In this review, we discussed current methods for organoid-based precision medicine, limitations, and future perspectives. Fig. 4 shows a prospective drug screening system with possible applications of multi-organs-on-chip, HCS system, and systems-biological analyses. We herein suggest that organoid-based precision medicine approaches provide unique opportunities for neurodegenerative diseases, enable us to reduce the necessity of animal experiments, and maximize the efficacy of drugs as a bridge between preclinical and clinical phases, translating applications from the bench to bedside, and accelerate clinical approval steps in the future.

NOTES

Conflict of interest

No potential conflict of interest relevant to this article was reported.

Funding

This work was supported by a National Research Foundation of Korea (NRF) grant funded by the Korean government (Ministry of Science and ICT, MSIT) (No. NRF-2022R1C1C2012736).

Author contributions

Graphical figures were created with BioRender.com by Jong-Chan Park, PhD.

Fig. 1.
The concept of organoid-based precision medicine approaches. IND, investigational new drugs; NDA, new drug application.
organoid-2022-2-e21f1.jpg
Fig. 2.
Integrative network modeling with organoid-based omics data and in silico perturbation analysis.
organoid-2022-2-e21f2.jpg
Fig. 3.
An example of an automated high-content screening platform for organoid-based drug screening. EB, embryonic body; QC, quality-control; HCS, high-content screening.
organoid-2022-2-e21f3.jpg
Fig. 4.
Future perspectives of organoid-based precision medicine approaches. Induced pluripotent stem cell (iPSC), induced pluripotent stem cell.
organoid-2022-2-e21f4.jpg
Table 1.
Comparison of representative genetic modulation systems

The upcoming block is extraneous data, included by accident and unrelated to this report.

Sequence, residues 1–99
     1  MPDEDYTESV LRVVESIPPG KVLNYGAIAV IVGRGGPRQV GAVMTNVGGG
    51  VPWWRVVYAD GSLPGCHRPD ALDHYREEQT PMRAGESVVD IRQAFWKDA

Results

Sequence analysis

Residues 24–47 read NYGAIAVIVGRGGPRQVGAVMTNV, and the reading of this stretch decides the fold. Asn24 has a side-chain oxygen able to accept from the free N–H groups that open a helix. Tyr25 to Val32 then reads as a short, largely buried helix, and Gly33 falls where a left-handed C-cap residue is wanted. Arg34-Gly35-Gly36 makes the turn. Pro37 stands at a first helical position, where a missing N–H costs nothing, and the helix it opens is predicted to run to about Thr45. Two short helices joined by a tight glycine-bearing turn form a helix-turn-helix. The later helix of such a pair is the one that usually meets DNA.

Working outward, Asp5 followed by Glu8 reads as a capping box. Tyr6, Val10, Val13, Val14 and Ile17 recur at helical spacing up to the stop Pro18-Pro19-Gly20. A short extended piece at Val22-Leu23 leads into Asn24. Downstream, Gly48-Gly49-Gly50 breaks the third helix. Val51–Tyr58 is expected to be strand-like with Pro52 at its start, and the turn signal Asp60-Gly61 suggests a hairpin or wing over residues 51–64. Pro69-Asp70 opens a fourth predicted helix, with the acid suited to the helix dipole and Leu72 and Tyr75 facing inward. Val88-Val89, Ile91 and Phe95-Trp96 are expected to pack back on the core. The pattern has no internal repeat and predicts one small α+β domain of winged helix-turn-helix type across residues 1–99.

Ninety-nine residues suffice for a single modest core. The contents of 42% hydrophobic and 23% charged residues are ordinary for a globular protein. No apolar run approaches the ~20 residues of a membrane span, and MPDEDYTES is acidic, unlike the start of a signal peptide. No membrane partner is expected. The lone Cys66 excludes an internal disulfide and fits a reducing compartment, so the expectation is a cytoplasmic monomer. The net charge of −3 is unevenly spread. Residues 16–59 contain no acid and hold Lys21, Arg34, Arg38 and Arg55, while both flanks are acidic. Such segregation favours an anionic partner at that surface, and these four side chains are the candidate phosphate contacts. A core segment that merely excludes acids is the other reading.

ZFN TALEN CRISPR-Cas9 CRISPR-dCas9
Development year 1996 2010 2012 2013
Nuclease Fok1 Fok1 Cas9 dCas9
Recognition 18--36 bp; zinc-finger/guanine-rich region 30--40 bp per TALEN pair 22 bp followed by PAM sequence 22 bp followed by PAM sequence
(CrRNA/sgRNA) (CrRNA/sgRNA), diverse PAM sequence possible
Specificity Low (3 nt) Moderate (1 nt) High (1:1 nt) High (1:1 nt)
Delivery method Two ZFNs around target Two TALENs around target sgRNA with Cas9 sgRNA with dCas9
Double-strand breaks Yes Yes Yes No
Off-target effects High Low Middle Middle-low
Designing Difficult Moderate Easy and rapid Easy and rapid
Applications In vitro, human cells, preclinical In vitro, human cells, preclinical In vitro, in vivo, human cells, preclinical, iPSCs In vitro, in vivo, human cells, preclinical, iPSCs

ZFN, zinc finger nucleases; TALEN, transcription activator-like effector nucleases; CRISPR, clustered regularly interleaved short palindrome repeats; dCas9, dead Cas 9; PAM, protospacer-adjacent motif; nt, nucleotides; iPSC, induced pluripotent stem cell.

References

1. Qian X, Song H, Ming GL. Brain organoids: advances, applications and challenges. Development 2019;146:dev166074.
crossref pmid pmc pdf
2. Park JC, Barahona-Torres N, Jang SY, Mok KY, Kim HJ, Han SH, et al. Multi-omics-based autophagy-related untypical subtypes in patients with cerebral amyloid pathology. Adv Sci (Weinh) 2022;9:e2201212.
crossref pmid pdf
3. Choi H, Lee D, Mook-Jung I. Gut microbiota as a hidden player in the pathogenesis of Alzheimer’s disease. J Alzheimers Dis 2022;86:1501-26.
crossref pmid
4. Barkauskas CE, Chung MI, Fioret B, Gao X, Katsura H, Hogan BL. Lung organoids: current uses and future promise. Development 2017;144:986-97.
crossref pmid pmc pdf
5. De Crignis E, Hossain T, Romal S, Carofiglio F, Moulos P, Khalid MM, et al. Application of human liver organoids as a patient-derived primary model for HBV infection and related hepatocellular carcinoma. Elife 2021;10:e60747.
pmid pmc
6. Park JC, Jang SY, Lee D, Lee J, Kang U, Chang H, et al. A logical network-based drug-screening platform for Alzheimer’s disease representing pathological features of human brain organoids. Nat Commun 2021;12:280.